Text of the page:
“The most important thing a young ball player can learn is that he can’t be good every day”

– a baseball scout to Lou Gehrig

If you’re familiar with the great Lou Gehrig’s story, you probably also know that he held the record for over fifty years for consecutive baseball games. 2,130 games, to be exact. An incredible accomplishment, especially when you know that he suffered many broken bones (pretty much every bone in both hands), injuries, and sickness over his career.

But he never stopped. He was, most importantly, consistent. Early on in his career, he took to heart the words of that wise scout and decided that he didn’t have to be the greatest player every day. He just had to show up and do the work, even if he failed in the trying.

There’s a lesson there for educators…

How often do we think as educators that we must be perfect every day? How many frustrations come from lessons that didn’t work right, technology that didn’t work at all, or the one student who never shows up finally showing up on the day you wished he hadn’t?

Don’t lie. You know exactly which kid I’m talking about.

Of course, we want to do our best. We’ve been given a sacred trust to educate the next generation. We work hard and take our time to ensure our students have great learning experiences. We look for new ways to engage our students, new ways to get their brains thinking and making new connections.

We search for resources that will help the struggling student overcome an obstacle, and at the same time, we’re challenging the student who seems to excel at every task to do something new and creative.

We diligently work to expand opportunities for students who don’t have what they need to be successful. We meet with parents and community members to support programs that reach at-risk students, talk with local businesses, and get their support for our after-school activities and teams.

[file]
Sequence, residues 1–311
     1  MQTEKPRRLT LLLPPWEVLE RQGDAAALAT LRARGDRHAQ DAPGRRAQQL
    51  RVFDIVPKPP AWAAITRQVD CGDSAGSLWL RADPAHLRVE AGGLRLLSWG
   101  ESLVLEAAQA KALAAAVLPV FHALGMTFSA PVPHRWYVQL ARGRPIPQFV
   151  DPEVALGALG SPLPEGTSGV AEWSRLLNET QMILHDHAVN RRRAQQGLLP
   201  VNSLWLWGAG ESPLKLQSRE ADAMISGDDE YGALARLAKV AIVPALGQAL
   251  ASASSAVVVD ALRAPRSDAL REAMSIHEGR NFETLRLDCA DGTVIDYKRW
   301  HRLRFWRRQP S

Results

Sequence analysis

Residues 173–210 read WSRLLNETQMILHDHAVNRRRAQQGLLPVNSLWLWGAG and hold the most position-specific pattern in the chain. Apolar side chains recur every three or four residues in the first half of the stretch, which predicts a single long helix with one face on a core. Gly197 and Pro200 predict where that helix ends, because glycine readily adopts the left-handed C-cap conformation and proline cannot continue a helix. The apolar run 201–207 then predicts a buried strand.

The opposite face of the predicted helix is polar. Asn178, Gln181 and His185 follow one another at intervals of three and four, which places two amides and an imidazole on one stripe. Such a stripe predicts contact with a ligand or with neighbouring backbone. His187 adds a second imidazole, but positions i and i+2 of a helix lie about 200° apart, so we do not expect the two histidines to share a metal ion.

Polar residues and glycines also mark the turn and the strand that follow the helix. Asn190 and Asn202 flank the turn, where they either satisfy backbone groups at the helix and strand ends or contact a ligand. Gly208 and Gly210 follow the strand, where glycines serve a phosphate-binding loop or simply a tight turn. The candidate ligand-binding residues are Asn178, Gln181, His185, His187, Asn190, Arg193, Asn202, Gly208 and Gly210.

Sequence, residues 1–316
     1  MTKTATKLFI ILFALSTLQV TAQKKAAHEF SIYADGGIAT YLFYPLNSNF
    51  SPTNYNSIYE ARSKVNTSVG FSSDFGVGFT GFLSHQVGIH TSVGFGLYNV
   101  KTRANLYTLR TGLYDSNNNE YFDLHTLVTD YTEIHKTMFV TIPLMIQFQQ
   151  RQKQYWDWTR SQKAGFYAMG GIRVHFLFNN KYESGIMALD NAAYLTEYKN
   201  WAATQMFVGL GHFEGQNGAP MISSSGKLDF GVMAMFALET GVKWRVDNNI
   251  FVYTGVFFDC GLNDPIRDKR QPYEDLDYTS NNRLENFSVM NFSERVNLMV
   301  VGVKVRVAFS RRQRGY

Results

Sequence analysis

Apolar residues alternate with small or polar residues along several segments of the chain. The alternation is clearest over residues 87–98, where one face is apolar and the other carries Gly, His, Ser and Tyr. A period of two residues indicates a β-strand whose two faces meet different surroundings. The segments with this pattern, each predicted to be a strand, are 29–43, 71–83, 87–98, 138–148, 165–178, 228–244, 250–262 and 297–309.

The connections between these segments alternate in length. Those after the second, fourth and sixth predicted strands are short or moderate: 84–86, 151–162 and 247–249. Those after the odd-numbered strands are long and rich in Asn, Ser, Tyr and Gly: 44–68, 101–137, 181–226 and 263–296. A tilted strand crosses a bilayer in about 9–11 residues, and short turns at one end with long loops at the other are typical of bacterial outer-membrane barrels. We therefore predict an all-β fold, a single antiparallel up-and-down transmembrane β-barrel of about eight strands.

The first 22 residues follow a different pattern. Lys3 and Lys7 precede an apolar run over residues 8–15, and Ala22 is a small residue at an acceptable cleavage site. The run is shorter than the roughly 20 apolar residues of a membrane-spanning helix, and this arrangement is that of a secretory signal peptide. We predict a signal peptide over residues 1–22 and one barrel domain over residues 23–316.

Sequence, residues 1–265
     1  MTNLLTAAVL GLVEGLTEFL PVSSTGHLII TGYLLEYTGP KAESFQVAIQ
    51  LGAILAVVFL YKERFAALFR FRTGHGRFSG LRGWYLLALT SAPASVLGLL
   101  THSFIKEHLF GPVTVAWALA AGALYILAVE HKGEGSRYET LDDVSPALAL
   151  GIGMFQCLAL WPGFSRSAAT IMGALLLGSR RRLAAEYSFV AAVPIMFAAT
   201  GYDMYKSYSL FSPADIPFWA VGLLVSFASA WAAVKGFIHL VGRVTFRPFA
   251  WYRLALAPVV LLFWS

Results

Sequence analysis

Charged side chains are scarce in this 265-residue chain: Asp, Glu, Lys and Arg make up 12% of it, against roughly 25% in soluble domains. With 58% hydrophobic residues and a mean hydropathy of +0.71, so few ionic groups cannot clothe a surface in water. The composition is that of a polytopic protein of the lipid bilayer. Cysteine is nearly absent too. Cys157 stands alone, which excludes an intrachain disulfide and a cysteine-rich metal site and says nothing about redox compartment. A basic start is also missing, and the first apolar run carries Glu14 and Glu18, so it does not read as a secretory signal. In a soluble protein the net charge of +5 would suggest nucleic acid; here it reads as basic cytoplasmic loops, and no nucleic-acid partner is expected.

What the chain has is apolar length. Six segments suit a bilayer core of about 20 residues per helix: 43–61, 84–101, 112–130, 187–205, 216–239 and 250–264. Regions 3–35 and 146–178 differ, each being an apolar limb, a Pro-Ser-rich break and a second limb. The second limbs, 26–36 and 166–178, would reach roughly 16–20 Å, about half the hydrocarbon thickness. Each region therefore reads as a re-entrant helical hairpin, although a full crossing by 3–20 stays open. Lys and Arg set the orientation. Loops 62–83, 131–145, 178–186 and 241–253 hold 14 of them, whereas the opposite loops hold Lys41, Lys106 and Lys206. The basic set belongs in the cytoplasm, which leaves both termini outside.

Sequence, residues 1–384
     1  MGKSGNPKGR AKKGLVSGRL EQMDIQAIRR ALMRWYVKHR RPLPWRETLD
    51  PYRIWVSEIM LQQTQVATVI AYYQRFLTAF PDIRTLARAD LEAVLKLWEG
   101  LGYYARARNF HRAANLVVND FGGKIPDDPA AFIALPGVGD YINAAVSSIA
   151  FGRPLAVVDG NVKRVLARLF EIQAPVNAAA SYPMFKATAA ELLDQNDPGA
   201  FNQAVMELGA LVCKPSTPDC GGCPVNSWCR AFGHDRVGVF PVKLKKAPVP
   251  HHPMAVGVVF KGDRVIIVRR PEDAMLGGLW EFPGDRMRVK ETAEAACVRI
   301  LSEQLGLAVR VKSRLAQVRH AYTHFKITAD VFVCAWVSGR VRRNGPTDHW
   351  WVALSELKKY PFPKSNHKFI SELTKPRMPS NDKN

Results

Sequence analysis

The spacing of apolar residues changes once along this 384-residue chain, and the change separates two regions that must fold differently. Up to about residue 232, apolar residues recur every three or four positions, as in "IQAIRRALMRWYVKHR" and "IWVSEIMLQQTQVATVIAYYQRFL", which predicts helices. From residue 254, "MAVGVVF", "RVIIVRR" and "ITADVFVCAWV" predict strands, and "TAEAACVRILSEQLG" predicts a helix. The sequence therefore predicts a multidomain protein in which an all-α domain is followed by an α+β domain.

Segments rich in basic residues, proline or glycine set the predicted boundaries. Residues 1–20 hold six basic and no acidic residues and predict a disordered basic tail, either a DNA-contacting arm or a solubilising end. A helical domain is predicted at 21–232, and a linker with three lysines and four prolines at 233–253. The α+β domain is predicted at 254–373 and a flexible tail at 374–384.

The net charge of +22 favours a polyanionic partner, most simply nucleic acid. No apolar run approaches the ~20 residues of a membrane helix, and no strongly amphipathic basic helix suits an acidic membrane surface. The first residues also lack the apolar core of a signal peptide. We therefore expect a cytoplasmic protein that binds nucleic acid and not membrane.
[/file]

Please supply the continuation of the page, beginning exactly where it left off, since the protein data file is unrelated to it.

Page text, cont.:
We spend sleepless nights searching for the answers to prepare our students for a world that we can’t predict. We drive ourselves mad, stay tired, and put up with less and less support from our government officials and budgets that just don’t seem to get the job done.

And we somehow forget that we’re not going to be the best every day. We want to be. We want to scream when we aren’t. We’d rather die than fail our students or for something to go wrong that ruins our plans.

However, our students need to see that we’re not perfect, and that’s perfectly fine. They need to know that we make mistakes, but we learn from them when we do. They need to understand that sometimes things happen beyond our control, but we always try our best anyway.

“It is possible to commit no mistakes and still lose. That is not a weakness. That is life.”

– Jean-Luc Picard

We’re not superhuman. We’re not perfect. We will fail. We will fall. But so has everyone else who has ever set foot on this planet of ours. We won’t be good every day. But we don’t have to be, because our students won’t be good every day.

Sometimes, we just have to remind ourselves that it’s okay if we’re not good every day. Because our students need us to be human. They need to know that even the best of us make mistakes and that even the most prepared can have a bad day.

Because what they really need to learn is that it’s not about being good every day. It’s about being good enough and trying again tomorrow.

Our students need us to be real so they can be too.

We have good days and bad days. What’s important is that we learn from our mistakes, strive to be better tomorrow than we were today, and never give up on our students.

And when they see us struggle and move through problems, they see that they can do the same. And that lesson is more important than just about any other we could give them.

“The most important thing a young ball player can learn is that he can’t be good every day.” The same is true for educators. We must continue to learn and grow to be the best we can be for our students. They deserve nothing less.


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